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In an academic setting, a “fellow” (think Oxford University, going back to the 14th century), teaches small groups of undergraduates. This fellow is an academically strong student who is awarded a fellowship to further peers’ knowledge and skills in a specific discipline. At UMBC, Writing Fellows work with faculty and students in ENGL 100. Many have experience as Writing Center tutors; most are undergraduates, but some are graduate students or recent grads. The Writing Fellow works with students four different weeks out of the semester, specifically the fourth week, seventh week, tenth week, and thirteenth week. Since all our ENGL 100 classes are twice a week, this means two classes for the Writing Fellow each of those weeks.

The task of a Writing Fellow is to work with ENGL 100 students facilitating peer review groups, and another role is helping students individually. In peer review, students typically share and discuss their work in progress, and it can be a chance for them to talk about their work with group-mates, a chance for a Writing Fellow to listen and ask questions more than talk. In some cases, the instructor may provide a peer review worksheet or one or more discussion questions to guide peer review.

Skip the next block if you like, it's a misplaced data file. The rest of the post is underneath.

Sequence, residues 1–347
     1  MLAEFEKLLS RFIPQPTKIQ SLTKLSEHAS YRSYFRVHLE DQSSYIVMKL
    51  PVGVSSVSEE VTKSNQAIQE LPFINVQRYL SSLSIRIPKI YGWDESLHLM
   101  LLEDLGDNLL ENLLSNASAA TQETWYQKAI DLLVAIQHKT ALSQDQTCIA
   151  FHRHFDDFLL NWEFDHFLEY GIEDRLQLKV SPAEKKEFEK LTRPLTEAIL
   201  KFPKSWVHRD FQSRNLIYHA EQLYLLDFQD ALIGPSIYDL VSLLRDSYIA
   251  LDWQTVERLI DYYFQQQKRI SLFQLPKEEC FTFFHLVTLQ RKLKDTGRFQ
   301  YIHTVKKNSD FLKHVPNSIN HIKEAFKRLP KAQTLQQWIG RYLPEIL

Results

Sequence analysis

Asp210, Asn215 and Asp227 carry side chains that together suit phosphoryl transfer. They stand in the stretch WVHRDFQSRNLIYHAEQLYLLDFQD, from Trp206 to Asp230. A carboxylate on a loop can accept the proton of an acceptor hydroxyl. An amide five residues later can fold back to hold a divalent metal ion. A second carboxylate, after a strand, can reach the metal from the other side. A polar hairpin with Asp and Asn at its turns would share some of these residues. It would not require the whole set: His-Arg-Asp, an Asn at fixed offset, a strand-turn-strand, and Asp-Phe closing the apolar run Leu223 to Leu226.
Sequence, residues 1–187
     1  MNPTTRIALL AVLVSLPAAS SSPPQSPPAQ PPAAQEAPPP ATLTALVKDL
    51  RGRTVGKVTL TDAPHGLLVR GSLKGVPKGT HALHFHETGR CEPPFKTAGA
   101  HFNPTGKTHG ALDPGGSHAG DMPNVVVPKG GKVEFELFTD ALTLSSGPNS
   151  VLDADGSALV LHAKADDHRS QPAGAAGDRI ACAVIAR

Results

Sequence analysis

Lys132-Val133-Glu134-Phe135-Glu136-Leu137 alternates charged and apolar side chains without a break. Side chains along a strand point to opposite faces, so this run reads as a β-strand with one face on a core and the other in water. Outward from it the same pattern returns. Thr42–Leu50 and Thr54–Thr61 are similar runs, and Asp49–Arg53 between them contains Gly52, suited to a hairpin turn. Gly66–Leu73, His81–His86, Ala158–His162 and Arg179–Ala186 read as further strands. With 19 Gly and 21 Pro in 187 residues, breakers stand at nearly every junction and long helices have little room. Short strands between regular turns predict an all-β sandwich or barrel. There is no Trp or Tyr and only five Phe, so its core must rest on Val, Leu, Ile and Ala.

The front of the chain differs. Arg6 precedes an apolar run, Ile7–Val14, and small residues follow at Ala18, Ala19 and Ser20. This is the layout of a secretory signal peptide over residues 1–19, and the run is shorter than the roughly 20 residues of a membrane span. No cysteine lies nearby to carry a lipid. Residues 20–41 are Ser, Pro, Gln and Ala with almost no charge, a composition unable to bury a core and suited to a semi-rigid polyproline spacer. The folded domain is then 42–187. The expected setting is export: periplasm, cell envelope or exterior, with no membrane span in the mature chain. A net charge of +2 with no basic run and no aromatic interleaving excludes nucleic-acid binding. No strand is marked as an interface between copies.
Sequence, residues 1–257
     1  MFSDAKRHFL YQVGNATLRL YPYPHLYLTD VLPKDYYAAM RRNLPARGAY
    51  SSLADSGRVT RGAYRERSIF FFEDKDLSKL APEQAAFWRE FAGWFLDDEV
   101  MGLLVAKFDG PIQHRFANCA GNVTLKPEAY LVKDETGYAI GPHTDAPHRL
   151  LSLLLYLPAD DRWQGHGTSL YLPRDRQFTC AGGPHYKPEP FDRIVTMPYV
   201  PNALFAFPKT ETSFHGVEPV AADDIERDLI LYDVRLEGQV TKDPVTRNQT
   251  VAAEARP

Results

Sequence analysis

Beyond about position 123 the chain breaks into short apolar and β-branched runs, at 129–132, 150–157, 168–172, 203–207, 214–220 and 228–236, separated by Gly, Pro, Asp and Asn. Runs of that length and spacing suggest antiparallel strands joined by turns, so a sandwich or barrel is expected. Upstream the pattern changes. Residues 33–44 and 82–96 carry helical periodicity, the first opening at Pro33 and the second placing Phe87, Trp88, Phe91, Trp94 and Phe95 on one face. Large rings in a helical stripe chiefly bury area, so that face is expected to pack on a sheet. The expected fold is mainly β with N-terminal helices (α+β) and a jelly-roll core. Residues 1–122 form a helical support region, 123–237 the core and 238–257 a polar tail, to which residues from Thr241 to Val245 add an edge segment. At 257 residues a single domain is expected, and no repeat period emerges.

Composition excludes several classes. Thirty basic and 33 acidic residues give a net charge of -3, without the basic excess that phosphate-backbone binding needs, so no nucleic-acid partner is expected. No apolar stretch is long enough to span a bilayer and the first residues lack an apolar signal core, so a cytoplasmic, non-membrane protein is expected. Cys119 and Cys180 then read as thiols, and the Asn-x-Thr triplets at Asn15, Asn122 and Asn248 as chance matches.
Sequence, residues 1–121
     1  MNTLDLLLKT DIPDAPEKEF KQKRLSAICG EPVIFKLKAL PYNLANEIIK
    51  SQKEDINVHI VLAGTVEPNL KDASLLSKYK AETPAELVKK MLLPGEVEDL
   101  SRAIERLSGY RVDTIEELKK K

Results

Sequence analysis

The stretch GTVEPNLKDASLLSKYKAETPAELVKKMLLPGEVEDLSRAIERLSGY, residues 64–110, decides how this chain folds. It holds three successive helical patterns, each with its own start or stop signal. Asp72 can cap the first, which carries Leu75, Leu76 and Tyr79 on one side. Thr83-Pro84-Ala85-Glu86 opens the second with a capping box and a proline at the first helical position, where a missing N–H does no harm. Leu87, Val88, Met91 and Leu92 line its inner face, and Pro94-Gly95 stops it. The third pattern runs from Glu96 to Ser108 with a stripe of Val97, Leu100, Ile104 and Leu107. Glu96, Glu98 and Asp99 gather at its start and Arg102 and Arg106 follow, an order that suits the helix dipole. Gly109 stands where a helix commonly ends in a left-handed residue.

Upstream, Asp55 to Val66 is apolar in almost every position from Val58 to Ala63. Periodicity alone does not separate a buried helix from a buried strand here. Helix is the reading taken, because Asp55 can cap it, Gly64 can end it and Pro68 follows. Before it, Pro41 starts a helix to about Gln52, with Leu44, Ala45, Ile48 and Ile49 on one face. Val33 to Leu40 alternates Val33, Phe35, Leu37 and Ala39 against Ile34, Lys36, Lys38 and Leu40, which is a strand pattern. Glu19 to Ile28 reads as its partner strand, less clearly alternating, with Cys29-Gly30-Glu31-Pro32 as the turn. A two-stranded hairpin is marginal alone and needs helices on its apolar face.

In preparation for this role, new Writing Fellows attend two fifty-minute workshops focused on the skills involved in facilitating peer review. Writing Fellows may then work with up to four sections of composition each semester. Writing Fellows who are undergraduates also earn academic credit: one credit in ENGL 495 in every semester they are either preparing to begin serving as Writing Fellows or actively serving as Writing Fellows. The one-credit course includes occasional meetings with the program coordinator and the other Writing Fellows as well as an end-of-semester written self-assessment. ENGL 495 coursework is graded on a regular (letter-grade) basis.

This experience is particularly invaluable for students anticipated careers in education where providing student feedback and direction are necessary (yet learned) skills. Interested students should contact Carol Fitzpatrick, the English Department’s Director of Writing and Rhetoric, at